Shenmue 3 is finally here. Who would have thought that Yu Suzuki was literally waiting for someone to say ‘please’ before releasing the third chapter in his magnum opus? Well, it’s here now, leaving us games critics with a massive question we almost daren’t ask: can it possibly live up to the incredible weight of expectation? The answer, for the majority of the time, is a resounding, unbelievable, ‘yes’. With both bells and knobs on.
The story resumes from the bizarre, curve-ball cliffhanger of Shenmue 2. If you remember, Ryo was in a cave deep in the forest of Guilin, staring at two massive carvings of the Phoenix Mirror and its twin, the Dragon Mirror. Well, after touching the central points of these carvings in unison, Shenhua and Ryo discover a secret passageway, emerging into a forgotten valley. But as soon as they get outside the cave, all hell breaks loose.
Remember that bit in Shenhua’s poem about the dragon emerging from the Earth and dark clouds obscuring the heavens? Totally happens. That’s right, for all of the meticulous recreation of 1980s Yokosuka in the original, realism goes (briefly) completely out of the window at the start of Shenmue 3. And the result is spectacular.
With the sword added to the arena-based combat and Ryo discovering the ‘strength hidden within him’, there’s a distinct God of War vibe to the new fighting system, which has been brought up to date in astonishing fashion. As the swooping camera moves with breathtaking fluidity and directorial flair through the epic battlefields, PS4 truly shines, providing jaw-dropping, cinema-quality special effects.
Even so, the machine maintains 60fps, 1080p visuals as Ryo cleaves his way through swathes of mystical foes, all drenched in sumptuous specular lighting and advanced, ethereal smoke effects, leading up to a generation-defining showdown with the dragon. It’s incredible. You’ll likely wear out your share button taking screenshots; it really is that good.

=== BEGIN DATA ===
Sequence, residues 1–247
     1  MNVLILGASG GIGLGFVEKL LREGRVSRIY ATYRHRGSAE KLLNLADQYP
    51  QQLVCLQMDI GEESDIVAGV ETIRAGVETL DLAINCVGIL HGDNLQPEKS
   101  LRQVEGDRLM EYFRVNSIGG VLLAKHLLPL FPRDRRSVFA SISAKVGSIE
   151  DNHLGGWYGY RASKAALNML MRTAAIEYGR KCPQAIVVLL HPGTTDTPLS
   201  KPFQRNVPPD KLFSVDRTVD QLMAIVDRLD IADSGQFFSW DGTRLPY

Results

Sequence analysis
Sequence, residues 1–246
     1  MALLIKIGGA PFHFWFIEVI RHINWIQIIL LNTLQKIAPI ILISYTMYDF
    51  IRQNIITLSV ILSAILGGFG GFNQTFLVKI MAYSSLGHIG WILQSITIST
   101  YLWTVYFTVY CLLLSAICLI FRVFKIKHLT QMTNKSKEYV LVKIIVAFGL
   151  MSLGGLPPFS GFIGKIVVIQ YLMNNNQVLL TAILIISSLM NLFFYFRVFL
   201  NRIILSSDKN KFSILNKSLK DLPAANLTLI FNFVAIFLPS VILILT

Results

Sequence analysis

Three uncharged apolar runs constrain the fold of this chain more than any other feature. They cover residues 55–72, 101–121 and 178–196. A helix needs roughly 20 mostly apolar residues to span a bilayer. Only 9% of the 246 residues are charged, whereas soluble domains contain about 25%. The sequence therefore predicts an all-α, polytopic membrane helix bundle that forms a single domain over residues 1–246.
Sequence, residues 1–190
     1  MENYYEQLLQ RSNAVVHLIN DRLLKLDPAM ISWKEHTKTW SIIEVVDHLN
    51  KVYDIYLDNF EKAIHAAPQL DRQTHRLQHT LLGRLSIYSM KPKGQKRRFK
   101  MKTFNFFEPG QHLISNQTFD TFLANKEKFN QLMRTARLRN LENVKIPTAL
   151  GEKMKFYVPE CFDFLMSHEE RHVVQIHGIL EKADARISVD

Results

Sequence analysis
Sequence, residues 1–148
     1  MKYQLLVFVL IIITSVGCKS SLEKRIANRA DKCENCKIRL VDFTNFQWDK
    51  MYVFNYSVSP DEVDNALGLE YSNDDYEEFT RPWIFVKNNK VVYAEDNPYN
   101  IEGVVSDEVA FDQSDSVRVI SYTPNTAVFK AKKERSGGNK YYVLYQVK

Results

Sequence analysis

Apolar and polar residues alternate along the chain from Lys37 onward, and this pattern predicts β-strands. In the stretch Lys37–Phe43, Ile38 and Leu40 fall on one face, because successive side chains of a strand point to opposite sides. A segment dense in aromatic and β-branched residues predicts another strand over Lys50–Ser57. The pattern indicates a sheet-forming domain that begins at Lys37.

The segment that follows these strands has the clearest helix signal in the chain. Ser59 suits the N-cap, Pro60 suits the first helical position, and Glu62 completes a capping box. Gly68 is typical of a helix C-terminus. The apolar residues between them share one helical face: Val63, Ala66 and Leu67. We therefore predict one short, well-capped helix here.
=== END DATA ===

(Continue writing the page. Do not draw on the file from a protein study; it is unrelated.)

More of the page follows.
At this point, I should point out that Xbox One’s version is (slightly) less spectacular. It still plays the same, but only manages 792.8564p and at somewhere between 30-40fps, with some screen tearing. As a result, it looks considerably rougher around the edges of both Ryo’s haircut and Joy’s nipples, the latter of which are modelled so gratuitously, they may be responsible for the majority of slowdown. It’s still a magnificent-looking game, but you can tell PS4 was the lead platform.
The move scrolls return, allowing you to learn new fighting techniques like the ‘double-fisted glans slap’ (must be a foreign one, that), before practicing and--eventually--mastering them. However, now there’s just as much chance of finding them secreted in the mountain environments as buying them in shops, making for an enjoyable treasure hunt.
There is a dojo or practice space in every main area, and Ryo is soon joined by Fukuharu-san, his sparring partner from Yokosuka. Sadly, it seems Ine-san passed away after Fuku-san accidentally mistook her for a croissant in a terrible breakfast accident, so he’s free to tag along for the ride. His dialogue is awful, but fortunately there isn’t much of it.